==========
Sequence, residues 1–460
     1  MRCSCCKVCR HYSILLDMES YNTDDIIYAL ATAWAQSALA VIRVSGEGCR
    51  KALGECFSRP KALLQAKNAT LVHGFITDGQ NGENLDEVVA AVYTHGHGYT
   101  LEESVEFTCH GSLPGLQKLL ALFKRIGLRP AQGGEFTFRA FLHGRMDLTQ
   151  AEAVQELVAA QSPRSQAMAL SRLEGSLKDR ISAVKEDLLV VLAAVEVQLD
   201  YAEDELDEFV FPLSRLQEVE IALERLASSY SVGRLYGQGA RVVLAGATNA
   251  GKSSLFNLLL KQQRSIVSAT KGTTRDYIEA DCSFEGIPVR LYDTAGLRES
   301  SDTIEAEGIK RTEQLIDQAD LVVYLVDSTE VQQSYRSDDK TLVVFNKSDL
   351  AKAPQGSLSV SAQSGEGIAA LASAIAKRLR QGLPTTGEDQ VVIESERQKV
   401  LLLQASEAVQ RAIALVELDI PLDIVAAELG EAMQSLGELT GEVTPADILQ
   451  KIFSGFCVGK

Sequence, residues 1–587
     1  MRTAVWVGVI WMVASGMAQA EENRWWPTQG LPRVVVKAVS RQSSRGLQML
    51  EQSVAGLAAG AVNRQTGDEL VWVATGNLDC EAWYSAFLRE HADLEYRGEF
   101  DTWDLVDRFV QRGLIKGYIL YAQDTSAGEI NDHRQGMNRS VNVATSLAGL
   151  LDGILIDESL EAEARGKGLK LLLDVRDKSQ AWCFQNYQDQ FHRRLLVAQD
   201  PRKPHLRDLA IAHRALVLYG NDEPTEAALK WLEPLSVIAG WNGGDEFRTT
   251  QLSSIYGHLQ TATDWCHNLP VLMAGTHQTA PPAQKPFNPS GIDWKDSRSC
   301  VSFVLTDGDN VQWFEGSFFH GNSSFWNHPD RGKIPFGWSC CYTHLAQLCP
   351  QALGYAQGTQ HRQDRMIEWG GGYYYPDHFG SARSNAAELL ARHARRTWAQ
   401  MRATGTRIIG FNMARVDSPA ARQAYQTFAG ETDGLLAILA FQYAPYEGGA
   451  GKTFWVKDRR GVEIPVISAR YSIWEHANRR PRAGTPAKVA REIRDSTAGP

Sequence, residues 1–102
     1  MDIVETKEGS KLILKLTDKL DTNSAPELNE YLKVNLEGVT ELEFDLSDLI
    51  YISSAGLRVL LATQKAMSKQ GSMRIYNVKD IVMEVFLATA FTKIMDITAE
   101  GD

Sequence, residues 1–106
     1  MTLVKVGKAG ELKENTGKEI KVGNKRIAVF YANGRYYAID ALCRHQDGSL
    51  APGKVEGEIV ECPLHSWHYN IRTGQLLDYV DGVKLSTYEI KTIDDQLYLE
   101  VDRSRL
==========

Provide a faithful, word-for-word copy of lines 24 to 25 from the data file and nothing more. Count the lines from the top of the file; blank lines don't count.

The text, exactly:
     1  MDIVETKEGS KLILKLTDKL DTNSAPELNE YLKVNLEGVT ELEFDLSDLI
    51  YISSAGLRVL LATQKAMSKQ GSMRIYNVKD IVMEVFLATA FTKIMDITAE